If you read, The Plan you get the impression in there that it was the instructors that caused the accidents, not the students. The instructors, there was a lot of them that were bored, like this one buzzing in and out of the fog. He didn’t give a damn. He wanted to be posted overseas. He thought that if he did enough crazy things they would post him overseas.

While I was in Claresholm on Anson was into a cable wire in the Bow River and killed the instructor, student, and a passenger. That was the only accident while I was there. So you couldn’t blame the dumb students, it was the dumb instructors. I lucked out and had two good ones. But, if you would ride with these other people, they never put the same two students in the same aircraft if they could help it, because I guess they thought we would show off to the other a little bit.

The only time we had two students was when we went on a practice bomb ruin and on navigation flights. When you were acting like a navigator. We would take turns; you sit in the back of the aircraft and told the pilot where to go. The next trip you would switch back. That was toward the end of our course, we knew how to fly very good and we scared ourselves enough times that we weren’t fooling around too much. At High River, I guess we were all the same; take the Cornell off and fly just above the runway; just a few feet above the runway. Get it up to top speed and then pull up hard. It looked nice, you know. They didn’t like that. Then, with the retractable, once we caught on to that we would get a little more speed than we needed on the runway, reach down and pull the wheels up and pull a little back on the stick. The wheels retracted in the aircraft and it looked like we had just picked them off the runway. Well, you can imagine a bunch of nineteen, twenty-year-old kids, whet they will do. It was amazing that half of us didn’t kill ourselves.

If they had caught us over these hills, we would be washed out. There is some of the worst flying weather right west of here—turbulent air. It is nice if the air I clam, but when the wind is blowing all the local pilots keep the hell away from there. We had strict order to never go near the Porcupine Hills. I only went over there once, and that was with an instructor. He wanted to go there. Don’t argue with instructors. It we would have been caught there as nothing was ever said because it was an instructor, but if they caught me over there, boom.

There are no other schools this close to the mountains, but these are the Porcupine Hills. They are only about fifteen miles west of the airport. In the south west here it is a thousand feet above sea level, or close to it. The airport is thirty-three, thirty-five feet above sea level. You didn’t have far to go to get to this level. In these hills you start fooling around, you can’t get an Anson to climb fast enough, if you are low, they couldn’t climb as fast as that hill over there. If we wanted to look at something over here, we get to the top and throttle back and come back down. That was if you were looking for anything; cattle or anything like that.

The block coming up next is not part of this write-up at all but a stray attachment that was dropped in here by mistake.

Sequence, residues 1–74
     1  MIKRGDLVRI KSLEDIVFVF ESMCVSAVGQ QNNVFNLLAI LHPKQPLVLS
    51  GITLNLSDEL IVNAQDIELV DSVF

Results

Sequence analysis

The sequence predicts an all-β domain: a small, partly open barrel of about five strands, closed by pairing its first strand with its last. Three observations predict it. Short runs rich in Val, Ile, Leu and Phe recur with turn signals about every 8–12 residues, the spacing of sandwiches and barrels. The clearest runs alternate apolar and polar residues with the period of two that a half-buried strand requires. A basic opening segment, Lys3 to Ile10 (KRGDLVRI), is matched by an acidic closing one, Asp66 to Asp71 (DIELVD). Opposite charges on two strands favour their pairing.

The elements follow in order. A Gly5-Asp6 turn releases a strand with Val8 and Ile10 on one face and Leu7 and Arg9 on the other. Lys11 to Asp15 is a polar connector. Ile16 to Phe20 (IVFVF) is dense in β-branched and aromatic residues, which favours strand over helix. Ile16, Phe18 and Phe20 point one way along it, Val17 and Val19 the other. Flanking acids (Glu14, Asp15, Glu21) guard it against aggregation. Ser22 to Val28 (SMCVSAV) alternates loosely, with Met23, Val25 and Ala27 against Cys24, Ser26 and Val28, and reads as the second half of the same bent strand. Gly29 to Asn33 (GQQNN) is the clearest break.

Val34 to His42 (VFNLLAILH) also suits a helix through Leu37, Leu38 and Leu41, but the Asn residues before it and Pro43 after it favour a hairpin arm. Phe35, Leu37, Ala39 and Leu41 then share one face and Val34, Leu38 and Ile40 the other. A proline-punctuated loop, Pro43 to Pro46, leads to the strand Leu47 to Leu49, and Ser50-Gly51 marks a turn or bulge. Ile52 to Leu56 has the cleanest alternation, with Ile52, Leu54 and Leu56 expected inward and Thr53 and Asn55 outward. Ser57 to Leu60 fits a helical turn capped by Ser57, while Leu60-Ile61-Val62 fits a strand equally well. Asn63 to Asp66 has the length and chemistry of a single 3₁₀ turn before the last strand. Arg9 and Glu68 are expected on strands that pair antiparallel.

There are no other schools this close to the mountains, but these are the Porcupine Hills. They are only about fifteen miles west of the airport. In the south west here it is a thousand feet above sea level, or close to it. The airport is thirty-three, thirty-five feet above sea level. You didn’t have far to go to get to this level. In these hills you start fooling around, you can’t get an Anson to climb fast enough, if you are low, they couldn’t climb as fast as that hill over there. If we wanted to look at something over here, we get to the top and throttle back and come back down. That was if you were looking for anything; cattle or anything like that.

Documentation showed that locations like Claresholm was too close to the mountains, but they always claim that Claresholm had more good flying hours per year than other stations in Canada this was what we were always told. I don’t doubt it. There is a little hole here. Lots of times this area would be open and everyone else will be fogged in with a very low ceiling. There is a little pocket here with absolutely different weather here. The wind can be sixty-seven miles per hour over those hills and ten or fifteen on the ground. The wind is going over us. At Fort Macleod, they get a fifty or sixty mile an hour wind through the pass. It will pretty well stop down here by Granum. It is just the way the hills affect our weather. There is very light snowfall here too.

We had basketball teams, and volleyball teams. We even had a bowling ally here. We were one of the few stations that did have them. We didn’t care too much for Group Captain Kennedy, but he did run a good station. We didn’t associate much with Captain Kennedy; he was big and loud and stands out on the parade field and beller at us. We couldn’t hear anyways because the wind was hollowing. We didn’t want to go out on that parade square. He was giving us hell about something, but he did run a very good station.